by Mike Masnick
Fri, Nov 12th 2010 5:37pm
There have been all these stories lately about how the various TV networks are "blocking Google TV." But, that's getting the story backwards. What the networks are doing is not blocking Google TV -- which is basically just a browser -- but they're blocking their own, freely available content and advertisements from being accessible via a particular browser. It's difficult to see how this makes any sense at all. It's really a move from an industry that appears to (a) not fully understand Google TV (which could be Google's fault in how it was presented) and (b) be so hell-bent on "protecting" a part of its business, that it refuses to recognize the opportunities for embracing the internet (i.e., getting more people to see its advertisements). Of course, part of the "problem" is that the networks have been getting fat, happy and stupid on retransmission dollars, but that's a temporary blip, only possible due to the technology which hasn't totally broken down the walls yet. But that technology is coming one way or another (and it's not just Google). The networks would be smart to notice what happened to the music industry when it refused to work with the "legitimate" players early on: driving traffic and interest to underground players who had no interest whatsoever in working with them. It's a shame that the TV networks now appear to want to do the same exact thing.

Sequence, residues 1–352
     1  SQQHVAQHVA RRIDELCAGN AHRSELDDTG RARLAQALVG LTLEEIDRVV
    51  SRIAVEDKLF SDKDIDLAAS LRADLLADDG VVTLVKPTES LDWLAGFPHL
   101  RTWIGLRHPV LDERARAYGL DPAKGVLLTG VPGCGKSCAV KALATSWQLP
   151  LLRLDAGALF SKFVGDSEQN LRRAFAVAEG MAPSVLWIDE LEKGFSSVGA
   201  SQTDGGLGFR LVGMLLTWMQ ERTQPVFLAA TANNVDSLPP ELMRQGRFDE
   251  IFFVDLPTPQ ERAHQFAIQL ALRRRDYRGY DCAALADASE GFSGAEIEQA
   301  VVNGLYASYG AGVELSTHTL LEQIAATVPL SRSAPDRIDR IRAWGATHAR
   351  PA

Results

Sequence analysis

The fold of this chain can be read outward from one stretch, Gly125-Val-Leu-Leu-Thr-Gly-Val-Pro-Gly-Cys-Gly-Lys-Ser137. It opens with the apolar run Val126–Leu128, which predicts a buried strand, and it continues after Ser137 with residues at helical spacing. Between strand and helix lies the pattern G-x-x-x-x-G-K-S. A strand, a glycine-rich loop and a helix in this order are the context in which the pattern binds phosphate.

If you liked this post, you may also be interested in...
- Study Of Spain's 'Google Tax' On News Shows How Much Damage It Has Done
- Smoking Gun: MPAA Emails Reveal Plan To Run Anti-Google Smear Campaign Via Today Show And WSJ
- FCC Approves AT&T's $69 Billion DirecTV Merger, Announces It Late Friday And Hopes Nobody Notices
- Cable Industry Still Proudly Thinks Cord Cutting Is A Media-Manufactured Crisis
- FCC Signs Off on AT&T DirecTV Merger, And Early Indications Are The Conditions Are Hot Garbage